Sep 1, 2016 10:05 AM
Explosion rocks SpaceX launch site in Florida during test
The Associated Press
CAPE CANAVERAL, Fla. (AP) — An explosion rocked a SpaceX launch site Thursday during a routine rocket test.
SpaceX was conducting a test firing of its unmanned rocket when the blast occurred shortly after 9 a.m., according to NASA. The test was in advance of a planned Saturday launch from Cape Canaveral Air Force Station, which is next to NASA's Kennedy Space Center.
Buildings several miles away shook from the blast, and multiple explosions continued for several minutes. Dark smoke filled the overcast sky. A half-hour later, a black cloud hung low across the eastern horizon.
Additional details were not immediately available. There was no immediate word on any injuries; the launch pad usually is cleared before a test firing of a SpaceX Falcon rocket.
SpaceX spokesman, John Taylor, said he could not comment as he worked to gather information.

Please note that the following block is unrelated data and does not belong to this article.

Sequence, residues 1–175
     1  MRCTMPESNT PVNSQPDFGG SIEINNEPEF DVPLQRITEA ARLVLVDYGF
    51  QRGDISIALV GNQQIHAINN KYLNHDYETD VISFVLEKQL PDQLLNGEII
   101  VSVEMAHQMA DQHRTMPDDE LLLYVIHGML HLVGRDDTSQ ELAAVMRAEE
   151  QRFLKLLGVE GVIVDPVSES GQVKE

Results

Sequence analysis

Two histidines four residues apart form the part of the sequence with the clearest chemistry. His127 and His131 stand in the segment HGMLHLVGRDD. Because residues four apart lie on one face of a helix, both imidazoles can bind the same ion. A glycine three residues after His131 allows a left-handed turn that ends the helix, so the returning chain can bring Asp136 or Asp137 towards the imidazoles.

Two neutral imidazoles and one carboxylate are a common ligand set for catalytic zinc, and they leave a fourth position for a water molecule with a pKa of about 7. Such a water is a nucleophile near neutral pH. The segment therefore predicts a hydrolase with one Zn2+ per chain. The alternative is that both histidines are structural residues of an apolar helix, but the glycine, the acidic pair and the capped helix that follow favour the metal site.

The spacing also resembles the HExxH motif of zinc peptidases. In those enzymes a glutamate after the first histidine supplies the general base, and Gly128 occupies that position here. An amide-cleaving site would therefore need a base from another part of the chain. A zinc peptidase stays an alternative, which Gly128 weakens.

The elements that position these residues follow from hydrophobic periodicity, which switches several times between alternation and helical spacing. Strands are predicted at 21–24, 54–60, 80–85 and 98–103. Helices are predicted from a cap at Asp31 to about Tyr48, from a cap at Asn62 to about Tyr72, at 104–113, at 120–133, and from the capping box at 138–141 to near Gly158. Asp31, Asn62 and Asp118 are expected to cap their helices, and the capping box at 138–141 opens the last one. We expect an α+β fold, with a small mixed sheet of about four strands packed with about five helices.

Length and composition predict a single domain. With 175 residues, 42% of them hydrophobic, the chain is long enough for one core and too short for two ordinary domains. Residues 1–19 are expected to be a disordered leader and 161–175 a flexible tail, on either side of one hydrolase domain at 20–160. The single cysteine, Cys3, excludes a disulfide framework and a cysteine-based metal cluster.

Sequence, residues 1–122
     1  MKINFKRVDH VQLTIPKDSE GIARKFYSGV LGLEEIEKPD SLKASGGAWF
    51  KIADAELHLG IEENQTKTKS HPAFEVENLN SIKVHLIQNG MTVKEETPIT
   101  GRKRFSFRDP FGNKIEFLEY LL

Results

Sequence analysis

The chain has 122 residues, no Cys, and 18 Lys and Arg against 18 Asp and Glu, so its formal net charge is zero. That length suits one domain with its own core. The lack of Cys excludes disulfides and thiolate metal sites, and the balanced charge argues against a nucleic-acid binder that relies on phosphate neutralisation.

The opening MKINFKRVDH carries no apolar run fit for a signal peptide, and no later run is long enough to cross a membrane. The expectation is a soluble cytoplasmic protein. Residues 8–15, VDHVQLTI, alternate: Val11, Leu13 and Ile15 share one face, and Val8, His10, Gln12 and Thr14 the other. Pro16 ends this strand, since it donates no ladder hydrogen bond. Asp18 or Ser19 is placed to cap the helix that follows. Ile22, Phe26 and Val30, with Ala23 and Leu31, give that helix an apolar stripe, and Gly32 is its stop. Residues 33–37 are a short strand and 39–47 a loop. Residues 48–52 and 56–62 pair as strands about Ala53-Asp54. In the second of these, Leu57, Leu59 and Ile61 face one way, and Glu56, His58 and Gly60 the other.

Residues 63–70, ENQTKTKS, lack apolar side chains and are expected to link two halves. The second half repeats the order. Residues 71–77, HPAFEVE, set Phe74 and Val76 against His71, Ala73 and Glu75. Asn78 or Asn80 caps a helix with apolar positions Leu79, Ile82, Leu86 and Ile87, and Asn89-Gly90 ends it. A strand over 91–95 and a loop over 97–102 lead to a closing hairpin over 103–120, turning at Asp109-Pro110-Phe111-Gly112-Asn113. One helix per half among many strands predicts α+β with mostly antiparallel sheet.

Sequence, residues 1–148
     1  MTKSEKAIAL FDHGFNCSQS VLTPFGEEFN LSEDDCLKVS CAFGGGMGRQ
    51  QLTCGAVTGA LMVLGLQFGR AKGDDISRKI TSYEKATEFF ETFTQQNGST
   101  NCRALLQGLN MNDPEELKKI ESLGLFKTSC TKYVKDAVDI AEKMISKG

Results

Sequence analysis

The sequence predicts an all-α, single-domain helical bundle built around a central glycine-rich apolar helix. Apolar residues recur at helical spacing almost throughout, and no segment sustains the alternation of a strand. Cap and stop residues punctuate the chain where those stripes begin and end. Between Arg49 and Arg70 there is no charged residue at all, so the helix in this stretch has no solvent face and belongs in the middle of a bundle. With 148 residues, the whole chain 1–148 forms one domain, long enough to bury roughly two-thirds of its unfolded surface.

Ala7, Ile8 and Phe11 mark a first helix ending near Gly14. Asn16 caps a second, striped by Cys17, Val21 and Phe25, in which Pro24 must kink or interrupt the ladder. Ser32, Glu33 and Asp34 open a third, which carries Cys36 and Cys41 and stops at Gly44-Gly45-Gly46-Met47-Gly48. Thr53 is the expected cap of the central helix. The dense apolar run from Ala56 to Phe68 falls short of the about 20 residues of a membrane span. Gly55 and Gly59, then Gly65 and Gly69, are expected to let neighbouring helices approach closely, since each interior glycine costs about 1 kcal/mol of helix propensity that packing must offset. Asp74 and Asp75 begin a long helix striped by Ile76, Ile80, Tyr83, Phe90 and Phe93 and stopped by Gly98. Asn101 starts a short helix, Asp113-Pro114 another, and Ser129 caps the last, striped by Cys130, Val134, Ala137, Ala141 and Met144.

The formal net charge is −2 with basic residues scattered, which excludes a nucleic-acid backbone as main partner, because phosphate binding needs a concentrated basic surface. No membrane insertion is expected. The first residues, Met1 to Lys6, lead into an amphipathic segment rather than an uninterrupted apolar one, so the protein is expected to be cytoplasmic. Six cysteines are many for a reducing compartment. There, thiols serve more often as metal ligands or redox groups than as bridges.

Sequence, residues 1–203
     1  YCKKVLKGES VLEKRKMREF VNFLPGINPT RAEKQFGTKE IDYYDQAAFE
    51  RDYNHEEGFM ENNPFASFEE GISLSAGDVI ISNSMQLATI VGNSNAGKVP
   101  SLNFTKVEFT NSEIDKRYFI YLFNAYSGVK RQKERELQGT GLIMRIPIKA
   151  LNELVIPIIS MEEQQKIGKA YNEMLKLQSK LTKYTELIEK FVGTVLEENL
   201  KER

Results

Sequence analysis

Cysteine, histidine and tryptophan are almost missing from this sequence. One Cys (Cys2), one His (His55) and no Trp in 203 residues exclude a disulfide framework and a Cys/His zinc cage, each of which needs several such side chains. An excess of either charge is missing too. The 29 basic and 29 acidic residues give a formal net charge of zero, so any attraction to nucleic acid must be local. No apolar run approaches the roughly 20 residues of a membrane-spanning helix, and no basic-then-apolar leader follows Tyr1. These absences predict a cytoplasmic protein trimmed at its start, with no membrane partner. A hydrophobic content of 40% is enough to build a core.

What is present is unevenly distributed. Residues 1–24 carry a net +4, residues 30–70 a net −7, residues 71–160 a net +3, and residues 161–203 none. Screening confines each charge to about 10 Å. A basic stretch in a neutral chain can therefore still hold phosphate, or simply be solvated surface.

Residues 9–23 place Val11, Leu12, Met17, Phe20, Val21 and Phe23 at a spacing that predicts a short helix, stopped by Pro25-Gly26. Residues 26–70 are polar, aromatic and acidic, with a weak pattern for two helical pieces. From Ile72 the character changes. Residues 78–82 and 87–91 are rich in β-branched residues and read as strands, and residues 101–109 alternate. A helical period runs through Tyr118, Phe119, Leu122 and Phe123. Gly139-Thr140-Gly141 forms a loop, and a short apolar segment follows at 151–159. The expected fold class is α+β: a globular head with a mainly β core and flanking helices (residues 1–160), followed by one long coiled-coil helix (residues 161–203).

NASA — SpaceX's major customer — said the explosion occurred at Launch Complex 40 at the Air Force station, and Kennedy emergency staff was on standby. At the same time, personnel were monitoring the air for any toxic fumes.
The rocket was supposed to hoist an Israeli communications satellite this weekend.
The initial blast sounded like lightning, but was followed by the sounds of more explosions. SpaceX is one of two companies shipping supplies to the space station for NASA. It's also working on a crew capsule to ferry station U.S. astronauts; that first flight was supposed to come as early as next year.
Two NASA astronauts were conducting a spacewalk 250 miles up, outside the International Space Station, when the explosion occurred. Mission Control did not immediately advise them of the accident.
The explosion is a setback for SpaceX. The California-based company, led by billionaire Elon Musk, had been ramping up with frequent launches to make up for a backlog created by a launch accident in June 2015. SpaceX was leasing the pad from the Air Force for its Falcon launches.
The company is also redoing a former shuttle pad at Kennedy for future manned flights for NASA.